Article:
I have not read most of them but the sample page shared from The Little Book of Woodland Bird Songs was the Nuthatch page!

Now let's take a look at chickadees!

Fun Facts About Chickadees

Black-Capped Chickadee (15290761526)

  1. Black-Capped Chickadees are the state birds of Maine and Massachusetts.
  2. They are called chickadees because of the alarm sound they make. The more “dee” note at the end of their call means they are more agitated.
  3. Chickadees are known to store food and recover it in lean times (usually in the winter). They can remember the hiding place for at least a month. They remember their locations by using clues such as landmarks and sun compass orientation.
  4. They will wait to hide the food if they are being watched especially by other chickadees.
  5. Black-capped Chickadee, Stoney Swamp, Nepean, Ontario (6814278963)
    Taking off with a seed by tsaiproject from Canada / CC BY

  6. A group of chickadees is called a banditry of chickadees.
  7. The range of Black-Capped Chickadees overlaps with Carolina Chickadees. They look very similar sometimes they even cannot tell themselves apart. They have hybridized. Their offspring has a three-note long song which is one less than the Carolina Chickadees and one more than the Black-Capped Chickadees.
  8. Chickadees usually mate for life.
  9. Only about 20% of the Black-Capped Chickadees energy comes from feeders (seeds). They get most of their energy from spiders, insects and even carrion. In the winter 50% of their food is the animal matter.
  10. Black-Capped and Brown-Chested Chickadees watch other birds feeding habits. If they are successful they will copy them. If they are not successful they will not copy them.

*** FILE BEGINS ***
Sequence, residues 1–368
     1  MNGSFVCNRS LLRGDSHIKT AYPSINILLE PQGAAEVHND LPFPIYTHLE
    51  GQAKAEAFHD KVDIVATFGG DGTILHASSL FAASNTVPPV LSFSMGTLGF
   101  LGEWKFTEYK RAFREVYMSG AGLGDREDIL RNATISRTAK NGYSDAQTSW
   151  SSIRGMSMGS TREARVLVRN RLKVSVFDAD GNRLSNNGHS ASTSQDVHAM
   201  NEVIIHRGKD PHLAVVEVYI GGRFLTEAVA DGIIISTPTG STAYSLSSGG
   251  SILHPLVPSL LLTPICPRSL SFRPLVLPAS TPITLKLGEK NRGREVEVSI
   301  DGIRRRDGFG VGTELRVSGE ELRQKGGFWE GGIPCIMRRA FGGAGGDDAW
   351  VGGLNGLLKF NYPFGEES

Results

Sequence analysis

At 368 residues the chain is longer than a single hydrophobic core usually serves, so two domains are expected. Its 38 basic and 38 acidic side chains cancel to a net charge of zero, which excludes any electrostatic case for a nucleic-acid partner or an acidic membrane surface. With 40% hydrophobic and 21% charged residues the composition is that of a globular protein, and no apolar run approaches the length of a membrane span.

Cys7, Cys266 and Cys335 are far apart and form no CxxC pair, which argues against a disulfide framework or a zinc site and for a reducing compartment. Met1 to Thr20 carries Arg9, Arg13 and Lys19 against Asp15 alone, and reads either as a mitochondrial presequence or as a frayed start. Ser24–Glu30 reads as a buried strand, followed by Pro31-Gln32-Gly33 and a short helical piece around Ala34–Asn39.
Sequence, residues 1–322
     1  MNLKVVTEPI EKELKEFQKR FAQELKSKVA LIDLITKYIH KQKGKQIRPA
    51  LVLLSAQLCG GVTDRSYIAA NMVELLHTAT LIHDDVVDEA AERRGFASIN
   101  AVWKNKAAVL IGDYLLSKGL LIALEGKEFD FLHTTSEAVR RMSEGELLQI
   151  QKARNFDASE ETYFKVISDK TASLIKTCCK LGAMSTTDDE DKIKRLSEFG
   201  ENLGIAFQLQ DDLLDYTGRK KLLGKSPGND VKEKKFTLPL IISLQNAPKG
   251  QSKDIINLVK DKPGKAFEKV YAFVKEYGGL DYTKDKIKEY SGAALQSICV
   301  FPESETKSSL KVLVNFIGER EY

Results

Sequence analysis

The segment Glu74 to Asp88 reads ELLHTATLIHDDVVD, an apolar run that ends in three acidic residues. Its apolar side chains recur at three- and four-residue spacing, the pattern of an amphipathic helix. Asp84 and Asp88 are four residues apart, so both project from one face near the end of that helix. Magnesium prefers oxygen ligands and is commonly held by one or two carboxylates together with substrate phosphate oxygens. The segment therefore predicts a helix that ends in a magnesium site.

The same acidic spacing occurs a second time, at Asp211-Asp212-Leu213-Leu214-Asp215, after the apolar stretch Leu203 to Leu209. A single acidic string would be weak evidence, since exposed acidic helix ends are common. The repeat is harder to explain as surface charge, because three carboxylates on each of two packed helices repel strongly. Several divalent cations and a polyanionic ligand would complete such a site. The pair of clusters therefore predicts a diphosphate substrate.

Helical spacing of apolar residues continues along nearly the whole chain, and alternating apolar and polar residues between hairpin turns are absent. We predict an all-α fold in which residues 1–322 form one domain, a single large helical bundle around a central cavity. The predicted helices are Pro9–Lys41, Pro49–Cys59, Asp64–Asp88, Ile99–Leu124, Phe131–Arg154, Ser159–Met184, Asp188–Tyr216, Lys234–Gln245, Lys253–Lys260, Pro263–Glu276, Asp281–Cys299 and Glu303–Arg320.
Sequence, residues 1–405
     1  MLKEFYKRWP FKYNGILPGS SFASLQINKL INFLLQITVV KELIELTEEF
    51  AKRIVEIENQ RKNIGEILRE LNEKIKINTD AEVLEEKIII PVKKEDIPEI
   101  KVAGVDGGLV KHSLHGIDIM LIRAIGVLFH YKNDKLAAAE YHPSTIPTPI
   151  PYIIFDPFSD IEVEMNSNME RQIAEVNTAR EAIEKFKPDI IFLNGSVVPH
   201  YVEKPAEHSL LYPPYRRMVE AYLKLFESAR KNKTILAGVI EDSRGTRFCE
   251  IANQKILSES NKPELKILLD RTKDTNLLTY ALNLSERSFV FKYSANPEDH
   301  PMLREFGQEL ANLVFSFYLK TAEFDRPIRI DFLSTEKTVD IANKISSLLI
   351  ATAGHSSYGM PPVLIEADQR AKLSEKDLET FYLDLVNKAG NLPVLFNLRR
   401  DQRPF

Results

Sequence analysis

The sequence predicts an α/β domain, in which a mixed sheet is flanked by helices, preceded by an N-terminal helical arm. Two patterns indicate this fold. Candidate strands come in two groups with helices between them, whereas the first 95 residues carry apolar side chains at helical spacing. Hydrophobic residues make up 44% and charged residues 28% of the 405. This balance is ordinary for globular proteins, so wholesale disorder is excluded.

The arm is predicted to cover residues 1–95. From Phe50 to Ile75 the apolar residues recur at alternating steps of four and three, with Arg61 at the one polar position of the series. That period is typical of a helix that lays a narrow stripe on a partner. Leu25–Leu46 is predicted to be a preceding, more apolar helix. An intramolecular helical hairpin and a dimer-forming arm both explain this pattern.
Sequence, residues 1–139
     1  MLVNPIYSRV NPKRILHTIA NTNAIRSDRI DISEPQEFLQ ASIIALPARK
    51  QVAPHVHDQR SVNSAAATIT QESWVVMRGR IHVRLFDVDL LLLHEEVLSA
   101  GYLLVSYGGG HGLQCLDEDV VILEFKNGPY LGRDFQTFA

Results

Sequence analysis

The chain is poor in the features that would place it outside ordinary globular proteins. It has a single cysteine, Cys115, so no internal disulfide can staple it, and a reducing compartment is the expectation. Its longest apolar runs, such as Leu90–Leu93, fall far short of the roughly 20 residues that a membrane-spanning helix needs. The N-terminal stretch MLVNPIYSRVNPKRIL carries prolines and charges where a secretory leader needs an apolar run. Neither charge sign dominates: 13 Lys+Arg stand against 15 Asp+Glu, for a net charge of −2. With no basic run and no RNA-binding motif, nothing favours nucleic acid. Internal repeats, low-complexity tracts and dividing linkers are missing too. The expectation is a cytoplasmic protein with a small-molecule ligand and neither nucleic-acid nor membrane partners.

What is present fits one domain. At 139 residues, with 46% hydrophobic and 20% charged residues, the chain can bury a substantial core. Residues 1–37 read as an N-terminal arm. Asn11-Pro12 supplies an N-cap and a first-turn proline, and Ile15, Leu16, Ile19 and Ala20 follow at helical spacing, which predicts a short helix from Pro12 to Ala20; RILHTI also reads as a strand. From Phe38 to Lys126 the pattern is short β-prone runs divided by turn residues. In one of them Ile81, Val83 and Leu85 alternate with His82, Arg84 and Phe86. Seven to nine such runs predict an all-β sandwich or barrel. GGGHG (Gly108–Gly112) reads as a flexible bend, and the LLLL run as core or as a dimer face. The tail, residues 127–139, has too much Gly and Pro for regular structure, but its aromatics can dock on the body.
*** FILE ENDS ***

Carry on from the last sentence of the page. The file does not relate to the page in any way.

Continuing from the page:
11. A chickadee’s wingbeat is 27 times per second.
  12. They are cavity nesters and will carve out their own cavity in rotten or decaying wood.
  13. They usually lay 6-8 white eggs with light reddish-brown speckling. They hatch in about 12 days and fledge in 21 days.
  14. They do not migrate. And they need twenty times more food in the winter. They tend to eat more food at feeders in the winter, so keep them full!
  15. Chickadees weigh less than half an ounce. They are 5-6 inches in length.
  16. When breeding season begins, the chickadee’s brain enlarges to enable him to create more sounds.
  17. To stay warm in the winter the chickadee erects its soft, thick feathers to trap warm air close to its body.
My sister and Hazel feeding a chickadee by hand in early spring

 By the way in my research I discovered both the chickadee and the nuthatch will eat from a person's hand!



 I had more luck with chickadee crafts. Red Ted Art shared these Paper Mache Birds which include a chickadee.

I also made a felt Chickadee using the pattern at Downeast Thunder Farm.

I found a few more chickadee crafts than nuthatches. You can see more at my Chickadee Section of my Birds Pinterest Board. I also found a few children's books about or featuring chickadees to help teach kids about these adorable little birds.

Have you been enjoying our Who's In the Backyard? Series this summer? I would love to hear if you have. Next week we are taking a break from birds and looking at some of the other creatures in our yard. I hope you will join us!